Picture settings: The selection here is, not surprisingly, a bit less extensive than on higher-end Samsungs, such as the UAF6300 series. Gone are the 10-point greyscale and colour management controls and the fourth adjustable picture preset. Three, along with a simpler two-point greyscale, should be plenty for most users, however. There's also a control labelled LED Clear Motion that enables backlight scanning for very slightly improved motion resolution at the expense of a dimmer image.

Connectivity: Seriously, Samsung? Just two HDMI ports? If you connect a cable/satellite box and a game console to your UAF5000, there's no room for a Roku or Apple TV, a DVD/Blu-ray player or any number of other HDMI devices.

Picture quality

I was surprised to discover the F5000 actually delivers substantially deeper black levels than the more expensive UAF6300 series. On the other hand, its video processing is pretty disappointing. I certainly consider deep blacks more important than flawless cadence or motion resolution, however, so the F5000 delivers a better picture overall.

Black level: The Samsung F5000 performed well in this category, albeit not quite as well as the Panasonic's S60 or E60. When I watched some of the darker scenes from "Drive", such as the apartment walk-through at 11:52 and the cityscape soon after, the F5000's shadows, letterbox bars and other black and near-black scenes looked inkier and more realistic than on other Samsungs and especially the LG LA6200.

Colour accuracy: I have few complaints here, and in person, the F5000's colours backed up its superb measurement results. The skin tones of Driver and Irene were accurate and correct looking yet well-saturated, especially compared with the LG and, to a lesser extent, the E60. Yes, there was a slight tinge of ruddiness there, so I'd give the edge to the F6300 in this department, but the F5000 more than held its own.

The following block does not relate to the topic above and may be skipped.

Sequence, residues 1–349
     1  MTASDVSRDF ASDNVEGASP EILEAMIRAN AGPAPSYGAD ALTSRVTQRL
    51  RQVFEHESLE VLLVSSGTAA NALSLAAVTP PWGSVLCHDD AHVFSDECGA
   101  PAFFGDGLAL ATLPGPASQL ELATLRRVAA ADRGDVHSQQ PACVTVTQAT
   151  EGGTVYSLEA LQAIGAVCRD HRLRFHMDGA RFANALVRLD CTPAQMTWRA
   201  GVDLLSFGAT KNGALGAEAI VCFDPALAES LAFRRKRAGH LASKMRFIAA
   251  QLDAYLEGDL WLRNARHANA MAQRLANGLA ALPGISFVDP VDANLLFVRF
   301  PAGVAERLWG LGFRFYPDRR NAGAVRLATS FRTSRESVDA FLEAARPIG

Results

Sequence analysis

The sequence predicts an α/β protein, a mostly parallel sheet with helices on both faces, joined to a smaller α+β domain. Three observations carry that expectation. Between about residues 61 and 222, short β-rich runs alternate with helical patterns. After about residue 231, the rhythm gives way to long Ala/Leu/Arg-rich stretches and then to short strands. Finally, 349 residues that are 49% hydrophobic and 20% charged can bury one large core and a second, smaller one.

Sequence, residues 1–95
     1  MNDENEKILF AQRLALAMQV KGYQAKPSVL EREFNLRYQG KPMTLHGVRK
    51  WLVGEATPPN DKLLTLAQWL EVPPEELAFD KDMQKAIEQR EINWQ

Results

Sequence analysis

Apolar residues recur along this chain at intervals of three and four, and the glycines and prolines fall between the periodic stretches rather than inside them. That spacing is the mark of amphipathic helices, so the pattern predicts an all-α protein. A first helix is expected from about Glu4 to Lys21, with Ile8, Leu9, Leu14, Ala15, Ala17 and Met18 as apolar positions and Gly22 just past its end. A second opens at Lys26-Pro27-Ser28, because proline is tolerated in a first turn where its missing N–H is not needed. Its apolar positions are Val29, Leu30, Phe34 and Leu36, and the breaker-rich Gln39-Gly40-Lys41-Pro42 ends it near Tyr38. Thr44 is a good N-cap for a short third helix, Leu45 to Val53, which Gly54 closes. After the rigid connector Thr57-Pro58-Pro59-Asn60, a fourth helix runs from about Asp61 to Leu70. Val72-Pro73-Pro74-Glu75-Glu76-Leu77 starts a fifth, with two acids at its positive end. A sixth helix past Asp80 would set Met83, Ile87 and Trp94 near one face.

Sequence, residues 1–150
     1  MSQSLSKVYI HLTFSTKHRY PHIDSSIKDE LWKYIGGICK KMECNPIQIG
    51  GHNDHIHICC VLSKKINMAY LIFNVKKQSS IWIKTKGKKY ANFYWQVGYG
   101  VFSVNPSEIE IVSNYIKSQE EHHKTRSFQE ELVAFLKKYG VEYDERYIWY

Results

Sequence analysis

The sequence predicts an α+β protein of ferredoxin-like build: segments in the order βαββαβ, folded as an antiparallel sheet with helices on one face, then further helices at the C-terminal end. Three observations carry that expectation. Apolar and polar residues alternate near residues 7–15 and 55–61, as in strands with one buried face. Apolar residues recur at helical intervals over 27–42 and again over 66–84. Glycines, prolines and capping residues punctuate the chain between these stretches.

Video processing: In case you were wondering whether the 100 CMR improves motion resolution to the level of a true 100Hz TV, it doesn't. In our tests, the TV could only achieve the 300-odd lines that most 50Hz TVs measure, as opposed to the 600 lines of a typical 100Hz TV, like the Panasonic E60. Engaging the LED Clear Motion setting cut light output by roughly half (typical of backlight scanning in general) but didn't improve that measurement.

Uniformity: The F5000 review sample I reviewed had solid dark-field uniformity across the screen, outdoing the LG but not quite matching the others. Faint brighter clouds were visible on the right-hand side in dark areas. They were subtle enough that they weren't distracting even in very dark scenes, however, so I don't consider them a big deal. The top and bottom edges showed some extra brightness as well, in both bright and dark areas, but again, it was quite subtle.

Sound quality: The F5000 sounded OK, sans the massive flaws I heard from many of the others, but certainly as good as the F6300. Comparing the two with music, the F5000's bass, timpani and vocals from Nick Cave's "Red Right Hand" sounded boomier and muddier, with more clarity from the other Samsung.

Via CNET.com